An estimated 69% agreed that term pharmaceutical promotion refers to marketing of a drug product. 62% are aware of the guidelines for advertising and promotion of medicines in Zimbabwe. 80% agreed that medicines in Zimbabwe cannot be advertised without the approval of the Medicines Control Authority in writing. 86% agreed that the advertisement of any unregistered medicine is not permitted. 78% agreed that a person is not permitted to advertise medicines in connection with any bonus or discount offered. 83% agreed that changes to the approved advertising material should also go through the approval process. 74% agreed that advertisements should not be directed at children. 87% agreed with the assumption that a new product efficacy, quality and safety are similar to the already available medicines. 41% agreed that the pharmacist is not allowed to dispense a different brand of the drug without referring back to the prescriber. 78% agreed that advertisements should claim that a medicine can cure, prevent, or relieve an ailment only if this can be substantiated. 92% agreed that information on adverse reactions, precautions, contraindications and warnings, food and medicine interactions should be available before advertisement. 75% agreed that advertisements to the general public should help people to make rational decisions on the use of medicines.

Attitude levels toward pharmaceutical promotion

90% support initiatives towards regulation of medicines advertisement. 67% agreed that regulation manages to avoid the pharmaceutical industry from influencing healthcare workers on decisions to prescribe and dispense. 79% agree that regulation reserve rights for patients to be given enough explanations about the reasons for choice of medicines for them. 20% agree that regulation should not allow health care workers in Zimbabwe the right for medicine substitution. 88% agree that regulation improves the ethical and professional behaviour, putting patients first and compliance in the presence of medicines advertisement. 51% agree that regulation has improved the standards for interactions between companies and healthcare practitioners. 30% agree that regulation should avoid companies from sponsorship or support for healthcare practitioners’ attendance at meetings and continuing medical education. 48% agree that regulation should demand acceptable venues and locations for meetings and continuing medical education. 22% agree that regulation should avoid the provision of promotional aids by pharmaceutical industries.

Perception levels toward pharmaceutical promotion

About 77% agreed that the intensity of promotional activities by medical representatives should be regulated. 83% agreed that health authorities in Zimbabwe should implement policies such that bioequivalence data are mandatory before a product is marketed. About 84% agreed that poor regulation of pharmaceutical promotion may lead to sub-optimal prescription. 86% agreed that poor regulation of pharmaceutical promotion may lead to sub-optimal dispensing. 79% agreed that poor regulation of pharmaceutical promotion may lead to over-expenditure on medicines. 77% agreed that poor regulation of pharmaceutical promotion can influence unjustified medicines regimen switching. 66% agreed that poor regulation of pharmaceutical promotion allows pharmacists to perform medicine substitution without consulting the prescribing physician.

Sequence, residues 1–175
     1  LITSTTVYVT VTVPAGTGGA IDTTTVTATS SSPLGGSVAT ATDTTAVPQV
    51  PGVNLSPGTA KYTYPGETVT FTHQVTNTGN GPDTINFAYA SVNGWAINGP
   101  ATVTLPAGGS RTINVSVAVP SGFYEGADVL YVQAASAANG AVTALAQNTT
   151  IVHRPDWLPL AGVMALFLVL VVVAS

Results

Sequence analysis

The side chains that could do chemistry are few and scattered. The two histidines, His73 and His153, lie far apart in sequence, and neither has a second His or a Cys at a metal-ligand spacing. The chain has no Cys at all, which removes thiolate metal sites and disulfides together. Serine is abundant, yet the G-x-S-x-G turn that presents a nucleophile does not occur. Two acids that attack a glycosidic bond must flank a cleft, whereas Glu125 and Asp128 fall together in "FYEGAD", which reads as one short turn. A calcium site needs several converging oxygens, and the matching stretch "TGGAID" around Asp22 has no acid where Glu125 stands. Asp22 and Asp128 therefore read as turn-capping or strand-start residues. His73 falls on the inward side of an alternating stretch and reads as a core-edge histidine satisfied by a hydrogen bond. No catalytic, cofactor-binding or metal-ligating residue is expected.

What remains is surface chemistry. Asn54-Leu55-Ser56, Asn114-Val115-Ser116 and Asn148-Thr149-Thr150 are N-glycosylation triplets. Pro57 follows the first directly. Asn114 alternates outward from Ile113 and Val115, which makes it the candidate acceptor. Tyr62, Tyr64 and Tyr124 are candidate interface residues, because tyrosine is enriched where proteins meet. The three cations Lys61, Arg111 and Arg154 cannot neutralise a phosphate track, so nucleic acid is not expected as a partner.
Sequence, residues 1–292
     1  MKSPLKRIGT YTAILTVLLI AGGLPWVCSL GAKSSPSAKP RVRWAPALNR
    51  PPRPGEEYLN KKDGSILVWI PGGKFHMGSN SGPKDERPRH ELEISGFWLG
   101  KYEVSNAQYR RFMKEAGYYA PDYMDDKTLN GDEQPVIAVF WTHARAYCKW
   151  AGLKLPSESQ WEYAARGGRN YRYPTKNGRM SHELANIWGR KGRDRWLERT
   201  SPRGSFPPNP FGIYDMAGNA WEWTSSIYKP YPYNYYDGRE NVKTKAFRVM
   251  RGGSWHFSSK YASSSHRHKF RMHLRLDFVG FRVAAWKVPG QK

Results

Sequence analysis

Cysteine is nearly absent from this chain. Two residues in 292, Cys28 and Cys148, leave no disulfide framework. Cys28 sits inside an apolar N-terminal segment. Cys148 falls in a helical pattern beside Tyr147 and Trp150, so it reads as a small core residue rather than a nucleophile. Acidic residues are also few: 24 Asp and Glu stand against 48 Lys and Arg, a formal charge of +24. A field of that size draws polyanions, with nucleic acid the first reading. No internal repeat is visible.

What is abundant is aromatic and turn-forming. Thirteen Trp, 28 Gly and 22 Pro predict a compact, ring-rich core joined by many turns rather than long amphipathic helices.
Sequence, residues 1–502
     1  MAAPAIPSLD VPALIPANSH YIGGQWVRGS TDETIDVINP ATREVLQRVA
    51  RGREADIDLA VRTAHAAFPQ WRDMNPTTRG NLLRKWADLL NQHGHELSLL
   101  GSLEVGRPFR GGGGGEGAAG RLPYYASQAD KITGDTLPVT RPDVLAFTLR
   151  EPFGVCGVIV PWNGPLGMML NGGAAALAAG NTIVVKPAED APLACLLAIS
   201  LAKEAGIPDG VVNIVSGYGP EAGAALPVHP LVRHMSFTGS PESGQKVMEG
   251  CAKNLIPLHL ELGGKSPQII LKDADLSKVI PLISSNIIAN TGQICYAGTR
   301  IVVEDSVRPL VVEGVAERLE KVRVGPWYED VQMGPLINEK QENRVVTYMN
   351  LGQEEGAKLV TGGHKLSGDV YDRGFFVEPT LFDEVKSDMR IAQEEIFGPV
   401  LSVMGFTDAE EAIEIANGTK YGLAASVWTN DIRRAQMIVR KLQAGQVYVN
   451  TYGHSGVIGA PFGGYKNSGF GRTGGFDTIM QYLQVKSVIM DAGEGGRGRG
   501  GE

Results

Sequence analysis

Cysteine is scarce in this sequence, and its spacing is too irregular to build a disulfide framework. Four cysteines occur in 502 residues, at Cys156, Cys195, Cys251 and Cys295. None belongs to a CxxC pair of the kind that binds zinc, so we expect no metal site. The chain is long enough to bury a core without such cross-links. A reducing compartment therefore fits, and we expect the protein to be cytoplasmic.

Factors associated with knowledge towards pharmaceutical promotion

There was an association between aggregated knowledge RII score and profession of the participant (p = 0.001), 100% of the pharmacists and nurse had a knowledge RII score above 65%, while 92 and 88% of the medical sciences students and medical doctors, respectively, had a knowledge RII score above 65%. There was an association between aggregated knowledge RII score and gender of the participant (p = 0.008), 100% of the female participants had a knowledge RII score above 65%, while 94% of the male participants had a knowledge RII score above 65%. There was an association between aggregated knowledge RII score and education level of the participant (p = 0.028), 100% of the participants educated up to PhD or bachelor’s degree had a knowledge RII score above 65%, while 94 and 87% of the participants educated to master’s degree and medical sciences students, respectively, had a knowledge RII score above 65%. There was an association between aggregated knowledge RII score and working institution of the participant (p < 0.001), 100% of the participants working at private only or both public and private had a knowledge RII score above 65%, while 88 and 82% of the participants working as students or public sector only, respectively, had a knowledge RII score above 65%. There was no association between aggregated knowledge RII score and age (p = 0.1373), work experience (p = 0.2136), HCWs involvement in prescriptions (0,214). Additional information is available in supplementary Table 1.

Factors associated with attitude RII score